Partisanship can damage policy along with party. Hoffman says that, without Medicaid expansion, county governments face higher indigent-care costs, and hospitals either eat losses or pass them on to the rest of us. Expanding Medicaid under the Affordable Care Act would erase those costs, says Hoffman. Permit me to remind you that, as Rep. Wismer said Wednesday, the only reason Governor Daugaard seems to have for not expanding Medicaid is partisan ideology.
Future Plans: Raise Teacher Pay!
If circumstances draw Hoffman back to the House, he says he may spend his entire term working on one project: raising teacher pay. He suggests starting by diverting 10% of all gambling revenue (that cut would be over $10 million) to a teacher-pay trust fund. When the fund accrues enough interest, start writing checks, once a year, to every public K-12 teacher in South Dakota.
Our quick calculations suggest this plan might initially place just $500 extra in each teacher's pocket, only a small step toward beating lowly Mississippi, but one must start somewhere. And Hoffman agrees that raising pay will boost the labor pool and ease the teacher shortage.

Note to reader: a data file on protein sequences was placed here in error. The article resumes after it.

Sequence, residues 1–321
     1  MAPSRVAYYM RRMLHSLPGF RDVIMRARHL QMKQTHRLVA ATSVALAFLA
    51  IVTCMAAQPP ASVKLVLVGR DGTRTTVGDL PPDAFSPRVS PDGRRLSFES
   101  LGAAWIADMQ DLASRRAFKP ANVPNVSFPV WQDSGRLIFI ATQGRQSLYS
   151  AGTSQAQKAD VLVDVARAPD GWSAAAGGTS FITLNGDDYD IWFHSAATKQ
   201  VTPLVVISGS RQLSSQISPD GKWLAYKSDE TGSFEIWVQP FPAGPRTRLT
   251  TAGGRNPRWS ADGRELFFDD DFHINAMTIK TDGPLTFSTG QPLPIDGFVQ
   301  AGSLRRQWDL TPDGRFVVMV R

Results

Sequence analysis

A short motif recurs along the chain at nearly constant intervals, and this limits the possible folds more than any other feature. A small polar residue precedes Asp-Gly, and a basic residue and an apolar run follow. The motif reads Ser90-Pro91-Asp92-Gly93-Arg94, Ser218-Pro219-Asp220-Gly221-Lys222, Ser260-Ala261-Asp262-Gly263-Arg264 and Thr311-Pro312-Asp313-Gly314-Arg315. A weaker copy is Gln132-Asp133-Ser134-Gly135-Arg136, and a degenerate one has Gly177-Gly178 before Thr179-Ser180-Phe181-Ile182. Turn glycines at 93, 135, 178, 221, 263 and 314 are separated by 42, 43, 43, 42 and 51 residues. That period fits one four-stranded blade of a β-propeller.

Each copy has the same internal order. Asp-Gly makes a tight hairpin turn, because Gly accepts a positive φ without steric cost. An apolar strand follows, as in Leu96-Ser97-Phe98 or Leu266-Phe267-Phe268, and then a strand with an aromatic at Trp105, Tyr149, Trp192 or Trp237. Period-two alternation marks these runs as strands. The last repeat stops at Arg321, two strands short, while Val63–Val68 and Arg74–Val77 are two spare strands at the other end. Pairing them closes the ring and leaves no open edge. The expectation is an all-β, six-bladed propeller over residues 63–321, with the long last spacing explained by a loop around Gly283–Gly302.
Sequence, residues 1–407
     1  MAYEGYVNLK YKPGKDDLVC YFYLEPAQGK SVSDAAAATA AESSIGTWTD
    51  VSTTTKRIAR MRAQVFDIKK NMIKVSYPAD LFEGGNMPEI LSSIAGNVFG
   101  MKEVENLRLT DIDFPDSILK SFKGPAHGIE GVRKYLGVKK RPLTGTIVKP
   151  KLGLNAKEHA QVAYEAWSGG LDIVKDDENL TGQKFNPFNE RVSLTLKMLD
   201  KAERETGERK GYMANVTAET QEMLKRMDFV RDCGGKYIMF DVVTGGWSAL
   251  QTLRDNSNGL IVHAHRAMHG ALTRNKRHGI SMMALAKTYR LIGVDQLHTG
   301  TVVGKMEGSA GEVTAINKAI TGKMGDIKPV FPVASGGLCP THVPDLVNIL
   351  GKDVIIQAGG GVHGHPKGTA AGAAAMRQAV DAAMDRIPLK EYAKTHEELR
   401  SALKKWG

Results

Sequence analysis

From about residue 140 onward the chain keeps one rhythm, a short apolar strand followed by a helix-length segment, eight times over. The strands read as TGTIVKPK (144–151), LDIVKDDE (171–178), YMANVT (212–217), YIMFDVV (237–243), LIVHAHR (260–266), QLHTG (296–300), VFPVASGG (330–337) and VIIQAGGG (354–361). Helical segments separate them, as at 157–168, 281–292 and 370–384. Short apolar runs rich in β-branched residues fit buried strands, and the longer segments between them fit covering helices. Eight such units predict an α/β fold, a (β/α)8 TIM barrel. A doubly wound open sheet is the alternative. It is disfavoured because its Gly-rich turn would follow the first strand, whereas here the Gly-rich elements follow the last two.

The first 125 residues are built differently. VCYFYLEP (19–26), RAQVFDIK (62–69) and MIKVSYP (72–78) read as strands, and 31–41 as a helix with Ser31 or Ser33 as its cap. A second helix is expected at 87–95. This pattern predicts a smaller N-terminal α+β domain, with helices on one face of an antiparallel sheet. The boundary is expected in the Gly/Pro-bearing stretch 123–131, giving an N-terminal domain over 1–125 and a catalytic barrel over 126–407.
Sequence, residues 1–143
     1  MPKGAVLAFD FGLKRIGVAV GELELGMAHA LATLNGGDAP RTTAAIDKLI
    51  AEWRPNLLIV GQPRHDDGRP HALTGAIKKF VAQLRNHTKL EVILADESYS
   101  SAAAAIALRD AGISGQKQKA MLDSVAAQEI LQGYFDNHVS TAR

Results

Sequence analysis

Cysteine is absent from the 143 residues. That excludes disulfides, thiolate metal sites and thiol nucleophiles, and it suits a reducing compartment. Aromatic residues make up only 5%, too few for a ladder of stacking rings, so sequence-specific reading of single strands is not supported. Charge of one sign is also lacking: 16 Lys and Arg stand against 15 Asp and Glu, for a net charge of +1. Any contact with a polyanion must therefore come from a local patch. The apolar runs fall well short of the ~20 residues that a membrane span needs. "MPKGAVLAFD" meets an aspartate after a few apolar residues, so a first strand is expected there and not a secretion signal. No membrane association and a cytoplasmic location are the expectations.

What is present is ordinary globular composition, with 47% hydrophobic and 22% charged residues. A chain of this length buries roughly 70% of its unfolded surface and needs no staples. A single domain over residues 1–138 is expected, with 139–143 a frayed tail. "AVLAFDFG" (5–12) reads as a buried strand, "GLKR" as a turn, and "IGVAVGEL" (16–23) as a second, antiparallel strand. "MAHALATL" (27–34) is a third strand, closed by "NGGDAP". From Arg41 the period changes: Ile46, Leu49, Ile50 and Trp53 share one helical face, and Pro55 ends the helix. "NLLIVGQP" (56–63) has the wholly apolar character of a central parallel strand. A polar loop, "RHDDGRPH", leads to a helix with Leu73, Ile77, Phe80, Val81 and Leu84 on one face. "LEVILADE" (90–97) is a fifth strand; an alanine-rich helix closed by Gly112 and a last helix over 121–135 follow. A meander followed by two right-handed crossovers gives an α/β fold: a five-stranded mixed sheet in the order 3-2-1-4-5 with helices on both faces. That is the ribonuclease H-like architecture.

But wait: gambling revenues currently support property tax relief. Would Hoffman really support taking away that relief? Yes. Instead of handing out pennies per acre, the state could hand that 10% of gambling revenues to the state Investment Council to generate a far larger return.
Agricultural Productivity Tax
If landowners feel harmed by the reduction of gambling-revenue tax relief, Hoffman will make it up to them by getting rid of the agriculture productivity tax. Hoffman says this bastardization of the property tax is even worse than a straight income tax. This tax, which based on the predicted agricultural production value of land instead of its actual productivity or sale price, deters farmers from raising prairie grass and drives hyper-production of only a few high-priced crops. Farmers who switch from corn and beans to grass this year will still pay tax based on what they could have made raising corn for the next eight years. Even farmers who stick with corn will suffer as corn prices drop: they'll makes three to four dollars per bushel this year, but the county will tax them for the next couple years as if their land were seven- or eight-dollar-a-bushel corn. Hoffman says the Legislature needs to change the productivity tax to something fairer.